Beyond patient care: The biggest challenges in GI

Patient care is any physician's primary focus: both challenging and rewarding. But, patient care is hardly the only challenge physicians face today. Two gastroenterologists share their struggles outside of the patient care arena.

 

Ask a Gastroenterologist is a weekly series of questions posed to GI physicians around the country on business and clinical issues affecting the field of gastroenterology. We invite all gastroenterologists to submit response           

Next week's question: Is it still possible for smaller GI practices to thrive, or do these practices need to consider merging or turning to hospital employment?
 
Please submit responses to Carrie Pallardy at cpallardy@beckershealthcare.com by Thursday, October 1, at 5 p.m. CST

Maxwell Chait, MD, FACP, FACG, FASGE, AGAF, ColumbiaDoctors Medical Group (Hartsdale, N.Y.): There are many challenging non-patient care related aspects of being a gastroenterologist that are vital to practice survival. Gastroenterologists were trained in patient care, not the ever-changing landscape of the business of medicine. We must face these challenges to be able to do what we were trained for.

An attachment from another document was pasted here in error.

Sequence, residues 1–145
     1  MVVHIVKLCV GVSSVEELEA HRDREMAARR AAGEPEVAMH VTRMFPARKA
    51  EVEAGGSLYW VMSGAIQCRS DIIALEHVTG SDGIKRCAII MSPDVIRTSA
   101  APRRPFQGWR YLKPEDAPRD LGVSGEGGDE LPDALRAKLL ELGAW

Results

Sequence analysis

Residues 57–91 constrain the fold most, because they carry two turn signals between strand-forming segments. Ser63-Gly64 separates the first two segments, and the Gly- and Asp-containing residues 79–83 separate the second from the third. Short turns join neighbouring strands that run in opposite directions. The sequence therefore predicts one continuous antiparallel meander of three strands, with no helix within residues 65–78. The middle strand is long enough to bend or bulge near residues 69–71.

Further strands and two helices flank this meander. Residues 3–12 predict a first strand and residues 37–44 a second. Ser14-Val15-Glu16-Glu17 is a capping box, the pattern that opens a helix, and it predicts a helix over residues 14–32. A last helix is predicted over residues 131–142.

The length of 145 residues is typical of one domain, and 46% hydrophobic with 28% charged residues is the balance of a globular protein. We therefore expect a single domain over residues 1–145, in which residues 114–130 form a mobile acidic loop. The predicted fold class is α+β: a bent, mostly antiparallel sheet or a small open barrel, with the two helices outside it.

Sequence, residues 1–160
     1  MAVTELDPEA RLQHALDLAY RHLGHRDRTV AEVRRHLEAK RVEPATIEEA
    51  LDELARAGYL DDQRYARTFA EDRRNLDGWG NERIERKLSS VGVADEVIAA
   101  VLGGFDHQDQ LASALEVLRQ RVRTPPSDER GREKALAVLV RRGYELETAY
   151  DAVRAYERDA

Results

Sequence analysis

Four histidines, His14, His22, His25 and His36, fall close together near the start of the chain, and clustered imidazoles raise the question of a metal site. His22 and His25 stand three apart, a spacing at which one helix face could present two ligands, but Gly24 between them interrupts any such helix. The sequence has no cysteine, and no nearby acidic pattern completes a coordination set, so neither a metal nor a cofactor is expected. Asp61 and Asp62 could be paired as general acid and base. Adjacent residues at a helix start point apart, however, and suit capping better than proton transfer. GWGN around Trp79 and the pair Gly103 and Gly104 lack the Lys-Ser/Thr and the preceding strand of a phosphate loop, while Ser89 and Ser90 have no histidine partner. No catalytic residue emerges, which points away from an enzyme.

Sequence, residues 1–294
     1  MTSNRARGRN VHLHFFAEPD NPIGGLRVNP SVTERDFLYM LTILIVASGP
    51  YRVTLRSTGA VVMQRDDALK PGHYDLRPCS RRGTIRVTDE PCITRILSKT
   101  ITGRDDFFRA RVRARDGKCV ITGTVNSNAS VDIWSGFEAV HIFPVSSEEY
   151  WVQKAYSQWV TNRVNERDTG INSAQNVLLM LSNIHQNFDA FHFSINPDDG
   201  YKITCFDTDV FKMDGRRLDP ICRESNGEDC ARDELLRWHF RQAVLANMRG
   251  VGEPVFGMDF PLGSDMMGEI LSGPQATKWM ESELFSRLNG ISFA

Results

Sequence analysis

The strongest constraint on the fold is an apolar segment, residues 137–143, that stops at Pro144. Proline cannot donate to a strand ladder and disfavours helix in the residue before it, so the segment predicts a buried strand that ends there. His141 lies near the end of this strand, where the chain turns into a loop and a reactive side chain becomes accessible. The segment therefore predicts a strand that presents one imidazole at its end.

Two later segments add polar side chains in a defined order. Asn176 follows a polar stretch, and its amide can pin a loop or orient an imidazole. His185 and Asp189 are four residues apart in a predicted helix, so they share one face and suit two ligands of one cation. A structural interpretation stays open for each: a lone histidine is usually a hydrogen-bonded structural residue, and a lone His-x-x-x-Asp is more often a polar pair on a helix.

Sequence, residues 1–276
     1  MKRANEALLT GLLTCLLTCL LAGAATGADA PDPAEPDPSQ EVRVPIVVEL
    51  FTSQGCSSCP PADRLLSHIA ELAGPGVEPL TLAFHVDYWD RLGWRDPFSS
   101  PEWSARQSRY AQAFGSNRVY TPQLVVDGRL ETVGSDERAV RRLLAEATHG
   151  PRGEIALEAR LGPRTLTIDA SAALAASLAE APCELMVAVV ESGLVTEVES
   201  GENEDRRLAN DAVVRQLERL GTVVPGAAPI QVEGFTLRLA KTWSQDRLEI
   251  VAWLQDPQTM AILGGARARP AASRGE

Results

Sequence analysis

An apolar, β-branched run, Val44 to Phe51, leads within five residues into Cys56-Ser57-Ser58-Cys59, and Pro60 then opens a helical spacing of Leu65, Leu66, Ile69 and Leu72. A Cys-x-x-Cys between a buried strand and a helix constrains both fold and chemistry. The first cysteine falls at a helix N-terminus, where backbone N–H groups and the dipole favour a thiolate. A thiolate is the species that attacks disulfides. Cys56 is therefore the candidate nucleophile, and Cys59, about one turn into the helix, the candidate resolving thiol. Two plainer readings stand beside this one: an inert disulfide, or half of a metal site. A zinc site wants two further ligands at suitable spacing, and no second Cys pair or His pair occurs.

Changes to GI reimbursement and coding are coming. On Oct. 1, all practices will need to transition from ICD-9 to ICD-10. CMS will finalize reduced reimbursement values for GI endoscopy services, including colonoscopy that will be effective Jan. 1, 2016. One must be prepared for these changes to help avoid revenue loses, optimize reimbursement and smoothly transition practice operations to potentially new payment delivery models.

The GI office management staff needs effective and efficient ways to manage the GI unit in this difficult and ever changing health care system to run profitable cost centers and achieve endoscopic efficiency. Physician payment is changing from a fee-for-service system to a system based on value. It will be critical to translate quality concepts into practice by using benchmarking, accountability and assessment and improvement in patient satisfaction. The gastroenterologist will need to implement and sustain a Quality Assurance and Performance Improvement (QAPI) program to demonstrate and maintain quality and patient safety in the endoscopy

Elliot Ellis, MD, Team Lead, EMA Gastroenterology, Modernizing Medicine: Being a physician in a GI practice isn't simply about treating and healing patients. It used to be that excellent technical skills and a caring bedside manner made for a successful career. Not the case these days. Today a successful physician must also be a computer expert, marketer, salesperson, networker, accountant, manager and more. And that doesn't include juggling family and personal life. The key to having it all: Effective systems, talented people and that bedside manner that transcends the exam table.

More articles on gastroenterology:
10 of the biggest GI/endoscopy stories in 2015
4 GI physicians in the news – Sept. 25, 2015
FDA approves new CRC drug

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